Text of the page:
2 World's Women bowlers brave the elements.

World's Women bowlers brave the elements

By Laurence Gale MSc


29 teams turned up at Victoria Park, Royal Leamington Spa for the 10th World Women's Bowls Championships. The event took place from 3 September to 17 September. The fact that the tournament was held at all is solely down to the hard work and determination of the English Women's Bowling Association (EWBA).

Pauline Biddlecombe, the honorary chief executive of the EWBA was delighted with the response and support the EWBA received since stepping in to rescue the event last September. Pauline would like to thank all the patrons and donors who provided the main source of income for the event. In normal circumstances tournament organisers have four years to prepare Championships, allowing time to secure funding and resources for the event.

Due to the short notice the EWBA were not able to meet the deadline criteria for some funding opportunities, not even able to secure any funding from Sport England. Most of the funding came from donations from bowling members and interested parties. Each day the organisers were receiving cash donations for anything from £5-£1000 from individuals, clubs and counties. It is one reason why this year's event has been dubbed 'The People's Games' and 'Party in the Park'.


In July I visited Victoria Park to see how the preparations were going for the championships. (See link for previous article), which led to a further invite to come and view the greens during the event.

I arrived at the site early on Tuesday 14th September so I could see the morning green preparations and meet some of the teams when they arrived.

Graham Redfern, the Parks Manager for Warwick Borough Council, explained what maintenance works had been going on prior to and during the event. Two weeks before the Championships some star tine aeration and verti-cutting works were completed on all the greens and followed up with a light application of liquid iron feed to colour and strengthen them up.

Each day during the championships the staff have carried out a regular programme of work. On arrival they would cane the greens to remove any dew or debris prior to mowing and then mow the greens cutting at a height of 3mm. They would double cut the greens removing about two boxes of clippings each time.



Early morning mowing

Caning the greens to clear any any debris



Cleaning ditches

Replacing rink lanes

On completion they would then cane again to remove any debris and check for any other surface deviations. The rinks would be reset for the days play, and the ditches cleaned of any debris. womens-world-bowls2004-glen.jpg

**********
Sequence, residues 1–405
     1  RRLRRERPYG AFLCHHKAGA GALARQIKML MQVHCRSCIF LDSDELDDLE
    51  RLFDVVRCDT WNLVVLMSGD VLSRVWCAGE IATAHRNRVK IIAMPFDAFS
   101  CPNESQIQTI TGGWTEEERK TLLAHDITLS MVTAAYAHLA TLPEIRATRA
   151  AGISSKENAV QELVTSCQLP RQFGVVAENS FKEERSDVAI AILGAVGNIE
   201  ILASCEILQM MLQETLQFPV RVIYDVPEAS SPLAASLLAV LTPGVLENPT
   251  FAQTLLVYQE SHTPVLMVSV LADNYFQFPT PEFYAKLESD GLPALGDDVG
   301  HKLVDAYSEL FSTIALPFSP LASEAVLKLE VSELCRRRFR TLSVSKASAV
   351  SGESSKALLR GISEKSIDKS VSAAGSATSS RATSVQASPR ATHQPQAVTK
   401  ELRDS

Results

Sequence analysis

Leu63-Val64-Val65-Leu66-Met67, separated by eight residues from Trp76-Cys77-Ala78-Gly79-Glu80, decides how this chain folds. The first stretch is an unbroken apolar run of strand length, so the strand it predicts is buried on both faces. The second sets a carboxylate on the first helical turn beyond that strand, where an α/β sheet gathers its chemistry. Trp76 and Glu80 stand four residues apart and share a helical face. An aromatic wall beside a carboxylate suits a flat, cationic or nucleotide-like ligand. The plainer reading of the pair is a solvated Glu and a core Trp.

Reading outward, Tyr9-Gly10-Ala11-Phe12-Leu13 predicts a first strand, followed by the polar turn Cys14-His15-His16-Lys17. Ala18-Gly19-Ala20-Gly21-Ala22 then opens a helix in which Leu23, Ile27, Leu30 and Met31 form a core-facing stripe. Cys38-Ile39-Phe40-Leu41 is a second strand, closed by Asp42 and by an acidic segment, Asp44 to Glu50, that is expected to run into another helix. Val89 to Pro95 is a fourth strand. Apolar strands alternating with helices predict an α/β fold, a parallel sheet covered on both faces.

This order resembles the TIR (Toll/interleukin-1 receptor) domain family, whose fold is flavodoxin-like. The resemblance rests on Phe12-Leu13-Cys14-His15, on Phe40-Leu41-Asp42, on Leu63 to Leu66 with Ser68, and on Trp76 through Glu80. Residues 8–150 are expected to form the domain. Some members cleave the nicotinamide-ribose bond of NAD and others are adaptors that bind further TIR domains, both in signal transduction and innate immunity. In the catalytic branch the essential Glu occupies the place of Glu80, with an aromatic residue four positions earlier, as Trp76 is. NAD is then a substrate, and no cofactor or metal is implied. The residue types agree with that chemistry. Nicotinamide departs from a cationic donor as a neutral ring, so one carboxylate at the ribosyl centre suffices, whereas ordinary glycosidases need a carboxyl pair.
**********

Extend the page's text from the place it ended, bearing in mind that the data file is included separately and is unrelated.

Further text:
After the day's play (about 6.00pm) the staff would remove the rink lines and mow one way to clean up the green, changing the rink mats and signs for the following day's play.

Glendale, the Council's on site contractor, supplied all the labour and staff and machinery for the Championships. Each day four greens staff were on hand to prepare the greens for the day's play, with an additional five staff employed to manage car parking and litter picking duties.

The weather has been quite a challenge for both greenkeepers and bowlers during the event. The hot spell during the first seven days of the competition affected the greens speed, and led to some debate about whether to water the greens. However, Graham decided not to water after seeing the long-range weather forecast that was predicting colder, wet weather during the second week.


The standard of play at the Championships was very high. Watching the morning's play I could appreciate the skill and tactics involved when playing bowls at this level.

Quality play depends on quality surfaces, and Graham and his team made a major contribution to a very memorable and successful Championships.



FOURS FINAL - England bt Jersey 23-10
Jayne Christie, Ellen Falkner, Jeannie Baker and Amy Monkhouse (England) having shown their supremacy throughout the championships deservedly secured the Fours Gold Medal beating Chris Grimes, Gean O'Neill, Karina Bisson and Suzie Dingle ( Jersey). Jersey made double figures on the last end on what was a very one-sided game.
Bronze medals: Caroline Taylor, Linda Evans, Anwen Butten & Kathy Pearce (Wales)
and Susan Murray, Cecilia Smith, Joyce Dickey & Joyce Lindores (Scotland)

SINGLES FINAL - Ireland bt South Africa 21-9
Margaret Johnston (Ireland) the 2000 and 1992 World Singles Gold medallist had a convincing win beating Lorna Trigwell (South Africa), in very wet conditions, to take the title for a third time. Margaret was unbeaten in her ten singles games and was thrilled at winning the title for a third time and especially 'back to back'.
Bronze medals: Betty Morgan (Wales) & Margaret Letham (Scotland)

England team: Shirley Page, Jayne Christie, Ellen Falkner, Jeannie Baker,
Amy Monkhouse and team manager Mary Price
England retained the trophy by 'shots difference' with three teams finishing on 99 points. (Points are given for placings in the four disciplines and if equal on points at the end shots are taken into account.)
Silver Medal: Australia & Bronze medal: Wales

Sharon Sims & Jo Edwards (NZ) bt Caroline Taylor & Betty Morgan (Wales) 17-11
BRONZE MEDALS TO: Maria Rigby & Karen Murphy (AUS) and Clarice Fitzpatrick & Shirley Fitzpatrick-Wong (Canada)

Trish Steyn, Jill Hackland & Loraine Victor (SA) bt Katrina Wright, Jenny Harrogan & Roma Dunn (AUS) 21-11
BRONZE MEDALS TO: Wendy Jensen, Val Smith & Marlene Castle (NZ) and Helen Culley, Andrea Stadnyk & Anita Nivala (Canada)

Further information and results can be obtained by calling the EWBA Tournament Office on 01926-452037.

For further information on the World Women's Bowling Championships, visit the EWBA web site www.englishwomensbowling.net/ or telephone 01926 430686 or email office@englishwomensbowling.net

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